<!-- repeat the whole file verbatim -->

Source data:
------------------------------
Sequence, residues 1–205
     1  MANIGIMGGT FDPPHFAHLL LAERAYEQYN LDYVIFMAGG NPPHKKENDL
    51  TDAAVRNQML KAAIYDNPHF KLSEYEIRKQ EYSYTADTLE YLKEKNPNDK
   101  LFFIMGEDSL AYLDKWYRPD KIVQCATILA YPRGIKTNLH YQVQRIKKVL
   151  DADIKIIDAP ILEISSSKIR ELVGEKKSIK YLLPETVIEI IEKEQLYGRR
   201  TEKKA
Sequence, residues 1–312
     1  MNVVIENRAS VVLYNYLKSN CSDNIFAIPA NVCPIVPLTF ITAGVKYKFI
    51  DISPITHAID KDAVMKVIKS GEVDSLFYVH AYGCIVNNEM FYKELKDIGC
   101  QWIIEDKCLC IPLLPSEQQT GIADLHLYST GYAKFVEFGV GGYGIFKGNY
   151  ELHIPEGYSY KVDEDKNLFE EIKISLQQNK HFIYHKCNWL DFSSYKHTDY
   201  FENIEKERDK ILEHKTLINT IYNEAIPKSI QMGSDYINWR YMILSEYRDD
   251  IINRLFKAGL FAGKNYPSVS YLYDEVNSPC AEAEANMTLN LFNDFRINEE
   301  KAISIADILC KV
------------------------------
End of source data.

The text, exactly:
Sequence, residues 1–205
     1  MANIGIMGGT FDPPHFAHLL LAERAYEQYN LDYVIFMAGG NPPHKKENDL
    51  TDAAVRNQML KAAIYDNPHF KLSEYEIRKQ EYSYTADTLE YLKEKNPNDK
   101  LFFIMGEDSL AYLDKWYRPD KIVQCATILA YPRGIKTNLH YQVQRIKKVL
   151  DADIKIIDAP ILEISSSKIR ELVGEKKSIK YLLPETVIEI IEKEQLYGRR
   201  TEKKA
Sequence, residues 1–312
     1  MNVVIENRAS VVLYNYLKSN CSDNIFAIPA NVCPIVPLTF ITAGVKYKFI
    51  DISPITHAID KDAVMKVIKS GEVDSLFYVH AYGCIVNNEM FYKELKDIGC
   101  QWIIEDKCLC IPLLPSEQQT GIADLHLYST GYAKFVEFGV GGYGIFKGNY
   151  ELHIPEGYSY KVDEDKNLFE EIKISLQQNK HFIYHKCNWL DFSSYKHTDY
   201  FENIEKERDK ILEHKTLINT IYNEAIPKSI QMGSDYINWR YMILSEYRDD
   251  IINRLFKAGL FAGKNYPSVS YLYDEVNSPC AEAEANMTLN LFNDFRINEE
   301  KAISIADILC KV